CROWN POINT — A work crew has drawn back the curtain on the Crown Theater's new facade, which is about a century old.
Renovation of the old movie house at 19 N. Court St., has revealed original brickwork hidden for decades by a decaying wood facade, the only one many Crown Point residents have known.
"Some people were getting upset when we took the old facade down. They thought we were demolishing the building," Brad Strom, the new owner of the Crown Theater said. "But no, we were taking a lot of rotted wood off so you can see the beauty behind it."
Strom announced last month he had purchased the Crown Theater, which had operated as an independent movie house from about 1926 until it closed five years ago. He plans to turn it into a comedy club, small concert venue and live theater venue for performances and children's shows.
He said their work inside the movie house has gone well. "I was afraid we would run into issues and we didn't so that put us ahead of schedule."
He said he had some inside information about building original facade. "We received some old photos from someone out of state taken in the early 1900s when there was a doctor's office functioned out of there.
"I knew there was a chance it was going to be back there. I didn't know what the condition would be. I took a gamble in hopes it might be okay. The majority of the brick is pretty well preserved because the horrible wood has been protecting it for the past years.
"Every intention we have is to preserve the brick and bring it back to the true, traditional facade. It will require a lot of work to get it into historical condition," he said.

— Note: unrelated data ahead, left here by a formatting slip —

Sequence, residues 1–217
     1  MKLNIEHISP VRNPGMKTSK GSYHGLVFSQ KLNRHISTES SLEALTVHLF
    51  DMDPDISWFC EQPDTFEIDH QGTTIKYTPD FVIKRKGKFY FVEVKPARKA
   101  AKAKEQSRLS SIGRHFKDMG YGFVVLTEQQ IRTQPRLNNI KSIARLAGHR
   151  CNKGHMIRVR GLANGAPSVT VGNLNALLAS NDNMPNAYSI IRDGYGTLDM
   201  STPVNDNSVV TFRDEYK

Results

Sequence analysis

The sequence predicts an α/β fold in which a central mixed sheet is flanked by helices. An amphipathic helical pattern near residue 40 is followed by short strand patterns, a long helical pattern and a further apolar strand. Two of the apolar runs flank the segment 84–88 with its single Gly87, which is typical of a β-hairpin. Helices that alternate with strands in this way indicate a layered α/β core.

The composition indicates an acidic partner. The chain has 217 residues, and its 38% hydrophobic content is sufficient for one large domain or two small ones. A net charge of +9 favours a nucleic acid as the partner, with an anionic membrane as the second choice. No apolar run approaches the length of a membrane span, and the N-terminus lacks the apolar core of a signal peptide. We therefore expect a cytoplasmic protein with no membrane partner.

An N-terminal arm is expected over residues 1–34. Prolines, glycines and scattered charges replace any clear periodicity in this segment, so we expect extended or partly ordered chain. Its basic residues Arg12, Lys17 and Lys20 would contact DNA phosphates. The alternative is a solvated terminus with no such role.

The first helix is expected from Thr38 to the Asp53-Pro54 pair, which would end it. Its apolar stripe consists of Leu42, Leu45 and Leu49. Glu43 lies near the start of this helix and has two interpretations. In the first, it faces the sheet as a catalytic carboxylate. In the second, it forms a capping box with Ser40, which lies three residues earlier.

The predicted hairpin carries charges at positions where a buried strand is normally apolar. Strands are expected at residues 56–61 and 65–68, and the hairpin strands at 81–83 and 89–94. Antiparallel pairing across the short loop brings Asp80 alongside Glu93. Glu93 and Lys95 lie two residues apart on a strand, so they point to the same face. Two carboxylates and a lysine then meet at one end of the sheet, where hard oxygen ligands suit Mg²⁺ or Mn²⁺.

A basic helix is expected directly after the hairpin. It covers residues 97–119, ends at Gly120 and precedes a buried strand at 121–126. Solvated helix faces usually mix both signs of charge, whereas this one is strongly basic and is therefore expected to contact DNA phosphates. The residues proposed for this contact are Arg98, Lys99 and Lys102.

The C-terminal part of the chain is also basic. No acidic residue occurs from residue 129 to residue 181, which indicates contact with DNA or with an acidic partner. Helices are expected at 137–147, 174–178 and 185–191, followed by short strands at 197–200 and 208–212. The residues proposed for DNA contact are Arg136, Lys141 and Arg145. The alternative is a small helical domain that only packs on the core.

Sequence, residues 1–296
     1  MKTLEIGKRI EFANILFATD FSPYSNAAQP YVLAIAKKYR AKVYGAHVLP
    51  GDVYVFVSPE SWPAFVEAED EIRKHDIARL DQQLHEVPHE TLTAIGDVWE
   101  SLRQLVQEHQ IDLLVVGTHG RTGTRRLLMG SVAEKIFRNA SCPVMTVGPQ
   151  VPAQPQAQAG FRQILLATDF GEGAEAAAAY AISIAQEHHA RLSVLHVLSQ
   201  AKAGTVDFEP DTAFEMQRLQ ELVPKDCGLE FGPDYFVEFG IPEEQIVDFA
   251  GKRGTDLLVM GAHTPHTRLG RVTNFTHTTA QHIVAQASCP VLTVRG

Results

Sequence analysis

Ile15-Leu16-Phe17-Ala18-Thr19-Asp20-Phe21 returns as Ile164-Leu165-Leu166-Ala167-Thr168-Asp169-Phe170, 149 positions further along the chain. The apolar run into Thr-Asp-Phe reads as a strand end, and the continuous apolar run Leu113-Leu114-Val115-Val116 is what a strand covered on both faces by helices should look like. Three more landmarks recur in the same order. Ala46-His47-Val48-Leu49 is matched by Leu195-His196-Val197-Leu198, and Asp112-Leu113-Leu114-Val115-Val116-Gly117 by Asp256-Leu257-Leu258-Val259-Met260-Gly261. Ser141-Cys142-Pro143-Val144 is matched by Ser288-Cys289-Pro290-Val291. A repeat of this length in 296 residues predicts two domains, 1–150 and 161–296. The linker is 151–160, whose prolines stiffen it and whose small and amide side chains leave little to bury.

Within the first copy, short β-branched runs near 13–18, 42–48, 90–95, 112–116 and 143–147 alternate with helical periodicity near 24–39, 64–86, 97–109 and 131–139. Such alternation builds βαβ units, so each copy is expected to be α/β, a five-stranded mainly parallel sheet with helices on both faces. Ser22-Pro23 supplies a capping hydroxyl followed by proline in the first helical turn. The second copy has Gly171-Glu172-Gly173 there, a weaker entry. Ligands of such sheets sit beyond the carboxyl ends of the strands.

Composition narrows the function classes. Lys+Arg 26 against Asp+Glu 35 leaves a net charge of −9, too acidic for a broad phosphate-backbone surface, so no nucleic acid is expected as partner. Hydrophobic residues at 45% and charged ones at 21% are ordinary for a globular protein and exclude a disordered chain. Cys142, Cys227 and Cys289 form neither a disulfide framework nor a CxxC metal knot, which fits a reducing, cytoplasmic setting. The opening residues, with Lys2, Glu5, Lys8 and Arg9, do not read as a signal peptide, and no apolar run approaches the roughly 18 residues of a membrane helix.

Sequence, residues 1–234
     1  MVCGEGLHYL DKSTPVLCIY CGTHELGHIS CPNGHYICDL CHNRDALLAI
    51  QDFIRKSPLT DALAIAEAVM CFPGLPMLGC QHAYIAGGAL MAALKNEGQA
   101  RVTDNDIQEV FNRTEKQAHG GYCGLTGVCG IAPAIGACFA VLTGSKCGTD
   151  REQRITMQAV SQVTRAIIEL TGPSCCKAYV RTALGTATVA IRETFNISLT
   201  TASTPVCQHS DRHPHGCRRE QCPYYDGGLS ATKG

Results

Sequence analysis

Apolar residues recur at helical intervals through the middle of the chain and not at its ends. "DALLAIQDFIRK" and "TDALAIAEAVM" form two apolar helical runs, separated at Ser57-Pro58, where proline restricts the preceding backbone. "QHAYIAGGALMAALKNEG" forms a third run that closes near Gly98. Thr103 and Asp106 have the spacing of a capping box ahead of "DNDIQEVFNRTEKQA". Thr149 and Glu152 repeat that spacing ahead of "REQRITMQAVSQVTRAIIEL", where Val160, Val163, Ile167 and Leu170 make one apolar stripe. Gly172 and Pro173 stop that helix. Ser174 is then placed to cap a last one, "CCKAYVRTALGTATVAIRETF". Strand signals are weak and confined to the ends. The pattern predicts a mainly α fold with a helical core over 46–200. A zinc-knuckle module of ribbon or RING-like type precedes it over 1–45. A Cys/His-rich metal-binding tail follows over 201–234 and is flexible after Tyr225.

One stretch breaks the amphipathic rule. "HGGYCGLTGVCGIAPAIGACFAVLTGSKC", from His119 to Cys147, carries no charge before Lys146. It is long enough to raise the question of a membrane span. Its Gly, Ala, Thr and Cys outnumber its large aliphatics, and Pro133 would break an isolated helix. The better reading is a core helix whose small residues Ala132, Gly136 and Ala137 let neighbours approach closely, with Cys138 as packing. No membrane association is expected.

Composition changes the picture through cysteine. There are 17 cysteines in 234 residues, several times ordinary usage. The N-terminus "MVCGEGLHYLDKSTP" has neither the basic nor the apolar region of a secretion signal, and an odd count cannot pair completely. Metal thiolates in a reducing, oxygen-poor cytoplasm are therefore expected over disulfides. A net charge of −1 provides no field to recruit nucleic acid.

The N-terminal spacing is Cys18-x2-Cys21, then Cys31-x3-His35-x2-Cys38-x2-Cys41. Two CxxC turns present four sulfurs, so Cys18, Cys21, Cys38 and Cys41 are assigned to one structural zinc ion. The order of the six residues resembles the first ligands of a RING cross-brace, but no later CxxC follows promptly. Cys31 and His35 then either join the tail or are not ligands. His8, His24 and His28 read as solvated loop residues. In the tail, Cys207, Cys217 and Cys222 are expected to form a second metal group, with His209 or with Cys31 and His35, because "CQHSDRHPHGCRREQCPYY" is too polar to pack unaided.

Greg Falkowski, chief of staff for Mayor David Uran, said, "The original facade has some nice lion's heads at the corners holding the cables on the marquee. We are pretty excited for him to restore it back to the way it is. Any way the city can assist through Indiana Landmarks and our Redevelopment Commission to find funding we will.
"We have Indiana Landmarks looking out for grants available for those kind of renovations. We also have a downtown facade grant program. He will be more than eligible when he applies," Falkowski said of Strom.
Brad Miller, director of the Northwest Field Office of Indiana Landmarks, a nonprofit that repurposes historic buildings said, "Our office allows money for private property owners on income generating buildings on the National and Indiana Registry of Historical Places to rehabilitate the exterior of the property. Most of downtown Crown Point is in the Downtown Crown Point Courthouse Square Historic District."
"We want to make that another destination in downtown Crown Point," Falkowski said.